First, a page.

Identifying Hummingbird Species from Sound

Many hummingbird species have signature features of their vocalizations that experts can use to identify them, including:

Anna’s Hummingbird

  • Common urban species in the western US with loud, conspicuous calls.
  • Males have bold, squeaky vocal displays during dives over their territories.
  • Females give sharp “pit” calls year-round and may produce a subordinate song.

Allen’s Hummingbird

  • Small, green-backed species found along the Pacific Coast.
  • Males sing warbling tunes or successive chirps during breeding displays.
  • Females and juveniles give emphatic, repeated chips when threatened.

Ruby-throated Hummingbird

  • The lone breeding hummingbird of eastern North America.
  • Males sing a short hoarse jumble of notes and whistles during courtship.
  • Both sexes make single-note squeaks or whines in disputes over flowers.

Calliope Hummingbird

  • One of the smallest species, breeding inland in the western US.
  • Males sing complex twitters, whistles, buzzes, and trills during courtship flights.
  • Vocalizations have a lower maximum frequency than related species.

Rufous Hummingbird

  • Medium-sized hummingbird breeding north of the Ruby-throated.
  • Males sing distinctive three-part tweets near perches during courtship.
  • Females and juveniles give sharp chip notes on their breeding grounds.

With practice, birders can learn to identify different hummingbird species by patterning their calls. Understanding the meaning behind distinct sounds also provides insight into hummingbird behavior.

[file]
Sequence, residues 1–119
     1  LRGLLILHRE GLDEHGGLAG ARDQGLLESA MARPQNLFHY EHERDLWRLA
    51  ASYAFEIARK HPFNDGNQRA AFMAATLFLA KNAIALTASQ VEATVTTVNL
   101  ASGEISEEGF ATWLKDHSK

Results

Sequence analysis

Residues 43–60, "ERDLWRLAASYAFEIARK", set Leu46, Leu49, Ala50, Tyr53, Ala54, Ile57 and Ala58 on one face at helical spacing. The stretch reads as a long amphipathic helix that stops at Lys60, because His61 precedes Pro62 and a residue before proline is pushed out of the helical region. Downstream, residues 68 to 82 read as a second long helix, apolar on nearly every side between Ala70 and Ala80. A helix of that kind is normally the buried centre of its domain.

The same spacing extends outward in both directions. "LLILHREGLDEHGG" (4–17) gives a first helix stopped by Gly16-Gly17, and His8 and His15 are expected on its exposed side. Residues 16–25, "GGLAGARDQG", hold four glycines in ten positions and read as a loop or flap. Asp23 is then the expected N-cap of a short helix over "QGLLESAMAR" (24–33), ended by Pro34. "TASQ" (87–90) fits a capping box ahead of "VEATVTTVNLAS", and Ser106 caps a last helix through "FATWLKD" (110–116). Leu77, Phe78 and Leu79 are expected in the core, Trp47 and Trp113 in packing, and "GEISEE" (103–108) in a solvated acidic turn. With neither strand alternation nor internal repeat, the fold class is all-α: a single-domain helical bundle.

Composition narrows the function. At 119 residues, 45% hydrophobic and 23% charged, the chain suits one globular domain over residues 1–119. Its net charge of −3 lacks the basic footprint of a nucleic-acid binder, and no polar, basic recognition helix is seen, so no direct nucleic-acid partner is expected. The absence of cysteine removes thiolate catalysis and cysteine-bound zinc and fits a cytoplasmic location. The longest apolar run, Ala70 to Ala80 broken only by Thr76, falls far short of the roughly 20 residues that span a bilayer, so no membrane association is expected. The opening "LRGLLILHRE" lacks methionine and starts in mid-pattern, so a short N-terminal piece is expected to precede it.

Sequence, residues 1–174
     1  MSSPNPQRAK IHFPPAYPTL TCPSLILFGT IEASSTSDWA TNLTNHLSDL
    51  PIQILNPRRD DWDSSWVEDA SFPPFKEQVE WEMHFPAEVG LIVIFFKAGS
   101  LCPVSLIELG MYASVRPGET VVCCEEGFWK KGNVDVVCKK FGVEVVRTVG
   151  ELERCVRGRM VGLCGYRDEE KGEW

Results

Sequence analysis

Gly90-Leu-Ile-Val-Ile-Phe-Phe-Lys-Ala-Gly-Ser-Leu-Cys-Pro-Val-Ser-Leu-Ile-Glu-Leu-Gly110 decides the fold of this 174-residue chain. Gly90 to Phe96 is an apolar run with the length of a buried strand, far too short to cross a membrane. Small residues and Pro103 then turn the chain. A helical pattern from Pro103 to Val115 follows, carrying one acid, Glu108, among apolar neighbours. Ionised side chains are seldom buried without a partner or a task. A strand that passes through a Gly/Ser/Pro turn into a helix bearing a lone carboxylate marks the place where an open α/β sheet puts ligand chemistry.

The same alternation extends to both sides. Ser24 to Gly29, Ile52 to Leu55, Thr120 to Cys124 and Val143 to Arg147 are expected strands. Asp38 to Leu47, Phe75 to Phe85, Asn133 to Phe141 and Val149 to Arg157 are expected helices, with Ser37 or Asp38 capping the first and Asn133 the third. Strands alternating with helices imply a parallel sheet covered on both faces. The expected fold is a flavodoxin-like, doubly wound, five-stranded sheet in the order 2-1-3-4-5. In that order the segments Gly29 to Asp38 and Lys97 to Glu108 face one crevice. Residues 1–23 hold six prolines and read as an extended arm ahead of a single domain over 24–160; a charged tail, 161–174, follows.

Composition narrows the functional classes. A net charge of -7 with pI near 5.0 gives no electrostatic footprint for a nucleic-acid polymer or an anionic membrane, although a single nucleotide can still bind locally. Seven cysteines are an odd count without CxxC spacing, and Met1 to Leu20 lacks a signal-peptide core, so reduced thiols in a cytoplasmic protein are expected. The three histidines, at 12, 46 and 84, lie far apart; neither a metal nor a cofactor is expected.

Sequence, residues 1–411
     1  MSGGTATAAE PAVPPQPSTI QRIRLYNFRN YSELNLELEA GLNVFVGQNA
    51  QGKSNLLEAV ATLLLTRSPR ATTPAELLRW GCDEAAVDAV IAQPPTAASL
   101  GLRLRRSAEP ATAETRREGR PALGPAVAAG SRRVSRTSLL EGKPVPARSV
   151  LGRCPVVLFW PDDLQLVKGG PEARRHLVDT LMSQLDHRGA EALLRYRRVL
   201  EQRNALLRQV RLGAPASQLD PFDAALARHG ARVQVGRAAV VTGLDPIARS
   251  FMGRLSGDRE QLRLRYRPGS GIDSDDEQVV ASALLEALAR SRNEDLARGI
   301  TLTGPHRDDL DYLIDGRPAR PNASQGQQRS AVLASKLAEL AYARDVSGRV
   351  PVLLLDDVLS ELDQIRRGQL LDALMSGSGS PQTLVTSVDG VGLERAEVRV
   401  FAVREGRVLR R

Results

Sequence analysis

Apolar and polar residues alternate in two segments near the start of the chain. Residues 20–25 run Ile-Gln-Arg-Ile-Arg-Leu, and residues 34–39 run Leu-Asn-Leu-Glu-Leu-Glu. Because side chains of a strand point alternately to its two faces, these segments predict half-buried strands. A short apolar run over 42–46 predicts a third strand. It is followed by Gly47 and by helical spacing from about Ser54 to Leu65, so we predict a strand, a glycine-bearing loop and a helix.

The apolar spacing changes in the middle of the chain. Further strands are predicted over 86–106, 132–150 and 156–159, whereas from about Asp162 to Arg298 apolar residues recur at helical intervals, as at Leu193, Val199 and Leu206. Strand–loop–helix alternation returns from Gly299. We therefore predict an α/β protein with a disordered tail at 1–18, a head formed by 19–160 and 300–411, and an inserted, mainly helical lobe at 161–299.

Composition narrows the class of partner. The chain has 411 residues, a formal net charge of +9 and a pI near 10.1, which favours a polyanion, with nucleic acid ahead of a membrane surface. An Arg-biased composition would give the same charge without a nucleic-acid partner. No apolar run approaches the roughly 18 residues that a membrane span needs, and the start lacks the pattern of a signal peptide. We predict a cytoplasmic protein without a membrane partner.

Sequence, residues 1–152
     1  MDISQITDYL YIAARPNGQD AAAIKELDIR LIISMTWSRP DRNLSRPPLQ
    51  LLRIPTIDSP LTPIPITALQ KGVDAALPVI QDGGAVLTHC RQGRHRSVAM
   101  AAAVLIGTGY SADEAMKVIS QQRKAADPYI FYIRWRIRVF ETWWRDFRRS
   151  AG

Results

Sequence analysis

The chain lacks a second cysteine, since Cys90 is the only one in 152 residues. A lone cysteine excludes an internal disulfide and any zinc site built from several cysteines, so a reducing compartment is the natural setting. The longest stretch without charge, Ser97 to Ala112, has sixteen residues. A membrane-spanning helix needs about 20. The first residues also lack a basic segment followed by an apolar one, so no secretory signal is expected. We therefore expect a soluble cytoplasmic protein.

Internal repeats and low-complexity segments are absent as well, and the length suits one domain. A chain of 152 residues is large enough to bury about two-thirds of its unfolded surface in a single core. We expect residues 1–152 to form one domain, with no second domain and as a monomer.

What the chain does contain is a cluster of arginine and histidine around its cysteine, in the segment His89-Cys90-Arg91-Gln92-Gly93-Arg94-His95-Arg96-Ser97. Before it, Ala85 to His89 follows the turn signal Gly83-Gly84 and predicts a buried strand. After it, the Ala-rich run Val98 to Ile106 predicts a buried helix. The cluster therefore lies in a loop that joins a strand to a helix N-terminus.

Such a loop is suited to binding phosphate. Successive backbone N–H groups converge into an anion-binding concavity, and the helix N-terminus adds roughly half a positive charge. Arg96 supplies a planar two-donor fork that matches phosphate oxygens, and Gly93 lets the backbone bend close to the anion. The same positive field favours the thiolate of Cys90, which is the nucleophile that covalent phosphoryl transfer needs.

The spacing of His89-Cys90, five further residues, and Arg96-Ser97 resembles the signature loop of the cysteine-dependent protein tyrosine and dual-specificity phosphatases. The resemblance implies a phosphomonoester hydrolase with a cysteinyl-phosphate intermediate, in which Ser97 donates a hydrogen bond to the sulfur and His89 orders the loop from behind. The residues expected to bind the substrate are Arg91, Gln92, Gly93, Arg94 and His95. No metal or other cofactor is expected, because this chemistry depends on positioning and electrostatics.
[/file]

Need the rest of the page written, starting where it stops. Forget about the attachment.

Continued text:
Common Questions About Hummingbird Vocalizations

Why do hummingbirds sing?

Male hummingbirds sing elaborate songs to attract potential mates and vocalize territory during the breeding season. Complex vocal displays indicate fitness. Females assess songs when choosing a mate.

How do hummingbirds make sounds without vocal cords?

Hummingbirds lack vocal cords but have adapted a unique organ called the syrinx to produce sounds. Controlled by specialized muscles, the syrinx acts like a tunable wind instrument.

Do female hummingbirds sing?

Female hummingbirds generally do not sing complex songs. However, some species like Anna’s Hummingbird produce simpler subordinate songs as well as calls. Females mainly use chip, squeak, and whistling calls to communicate.

Why do hummingbirds chatter?

Chattering indicates excitement, usually during aggressive encounters over territory or in mating pursuits. The rapid calls reflect elevated energy and stimulation.

What does a baby hummingbird sound like?

Nestling hummingbirds make soft, repeated, high-pitched peeping or whistling sounds, often while fluttering wings. Fledglings give louder, more urgent chips and whistles when seeking food or attention.

Can hummingbirds hear?

Yes, hummingbirds have excellent hearing attuned to the frequency of bird vocalizations. This allows them to detect calls and songs of other individuals, an ability important for mating and communication.